Google has dropped details of a previously undisclosed vulnerability in Windows, which it says hackers are actively exploiting. As a result, Google gave Microsoft just a week to fix the vulnerability. That deadline came and went, and Google published details of the vulnerability this afternoon.

The vulnerability has no name but is labeled CVE-2020-17087, and affects at least Windows 7 and Windows 10.

Google’s Project Zero, the elite group of security bug hunters which made the discovery, said the bug allows an attacker to escalate their level of user access in Windows. Attackers are using the Windows vulnerability in conjunction with a separate bug in Chrome, which Google disclosed and fixed last week. This new bug allows an attacker to escape Chrome’s sandbox, normally isolated from other apps, and run malware on the operating system.

Microsoft did not immediately comment when contacted by TechCrunch, but Project Zero’s technical lead Ben Hawkes said in a tweet that Microsoft plans to issue a patch on November 10.

But it’s unclear who the attackers are or their motives. Google’s director of threat intelligence Shane Huntley said that the attacks were “targeted” and not related to the U.S. election.

It’s the latest in a list of major flaws affecting Windows this year. Microsoft said in January that the National Security Agency helped find a cryptographic bug in Windows 10, though there was no evidence of exploitation. But in June and September, Homeland Security issued alerts over two “critical” Windows bugs — one which had the ability to spread across the internet, and the other could have gained complete access to an entire Windows network.

#chrome-os, #computer-security, #elite, #google, #google-chrome, #malware, #microsoft, #microsoft-windows, #operating-system, #operating-systems, #security, #software, #vulnerability, #windows-7, #windows-xp

Homeland Security issues rare emergency alert over ‘critical’ Windows bug

Homeland Security’s cybersecurity advisory unit has issued a rare emergency alert to government departments after the recent disclosure of a “critical”-rated security vulnerability in server versions of Microsoft Windows.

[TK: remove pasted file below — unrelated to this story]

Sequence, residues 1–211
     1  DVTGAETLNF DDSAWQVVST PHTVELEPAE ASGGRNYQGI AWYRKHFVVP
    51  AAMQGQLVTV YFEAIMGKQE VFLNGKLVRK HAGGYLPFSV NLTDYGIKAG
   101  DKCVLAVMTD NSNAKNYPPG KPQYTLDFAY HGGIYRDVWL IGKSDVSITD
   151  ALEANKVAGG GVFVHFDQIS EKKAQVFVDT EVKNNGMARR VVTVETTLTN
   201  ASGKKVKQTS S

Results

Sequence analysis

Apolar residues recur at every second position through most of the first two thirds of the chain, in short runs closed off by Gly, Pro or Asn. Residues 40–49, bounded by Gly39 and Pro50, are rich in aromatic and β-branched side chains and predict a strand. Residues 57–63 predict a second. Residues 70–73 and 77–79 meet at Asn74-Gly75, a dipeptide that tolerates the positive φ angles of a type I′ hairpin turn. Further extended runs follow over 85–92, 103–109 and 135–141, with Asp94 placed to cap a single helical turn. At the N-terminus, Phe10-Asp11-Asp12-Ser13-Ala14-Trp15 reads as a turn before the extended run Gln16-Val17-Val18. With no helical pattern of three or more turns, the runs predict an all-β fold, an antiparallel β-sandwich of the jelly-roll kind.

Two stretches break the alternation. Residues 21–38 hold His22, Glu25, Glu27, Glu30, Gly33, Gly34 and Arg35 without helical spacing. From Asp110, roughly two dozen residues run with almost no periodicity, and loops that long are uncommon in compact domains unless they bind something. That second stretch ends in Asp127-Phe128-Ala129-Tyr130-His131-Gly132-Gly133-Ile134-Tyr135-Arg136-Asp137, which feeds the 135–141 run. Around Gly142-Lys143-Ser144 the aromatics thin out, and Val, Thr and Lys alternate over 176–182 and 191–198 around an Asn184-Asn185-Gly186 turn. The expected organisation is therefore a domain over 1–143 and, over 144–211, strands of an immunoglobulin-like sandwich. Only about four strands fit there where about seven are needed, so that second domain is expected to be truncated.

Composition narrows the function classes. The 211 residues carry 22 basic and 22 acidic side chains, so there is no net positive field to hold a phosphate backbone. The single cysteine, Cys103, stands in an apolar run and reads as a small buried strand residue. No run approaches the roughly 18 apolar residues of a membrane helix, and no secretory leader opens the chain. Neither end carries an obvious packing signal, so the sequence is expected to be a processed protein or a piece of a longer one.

The Cybersecurity and Infrastructure Security Agency, better known as CISA, issued an alert late on Friday requiring all federal departments and agencies to “immediately” patch any Windows servers vulnerable to the so-called Zerologon attack by Monday, citing an “unacceptable risk” to government networks.

It’s the third emergency alert issued by CISA this year.

The Zerologon vulnerability, rated the maximum 10.0 in severity, could allow an attacker to take control of any or all computers on a vulnerable network, including domain controllers, the servers that manage a network’s security. The bug was appropriately called “Zerologon,” because an attacker doesn’t need to steal or use any network passwords to gain access to the domain controllers, only gain a foothold on the network, such as by exploiting a vulnerable device connected to the network.

With complete access to a network, an attacker could deploy malware, ransomware, or steal sensitive internal files.

Security company Secura, which discovered the bug, said it takes “about three seconds in practice” to exploit the vulnerability.

Microsoft pushed out an initial fix in August to prevent exploitation. But given the complexity of the bug, Microsoft said it would have to roll out a second patch early next year to eradicate the issue completely.

But the race is on to patch systems after researchers reportedly released proof-of-concept code, potentially allowing attackers use the code to launch attacks. CISA said that Friday that it “assumes active exploitation of this vulnerability is occurring in the wild.”

Although the CISA alert only applies to federal government networks, the agency said it “strongly” urges companies and consumers to patch their systems as soon as possible if not already.

#computing, #cybercrime, #exploit, #internet-security, #microsoft, #microsoft-windows, #national-security-agency, #ransomware, #security, #security-breaches, #vulnerability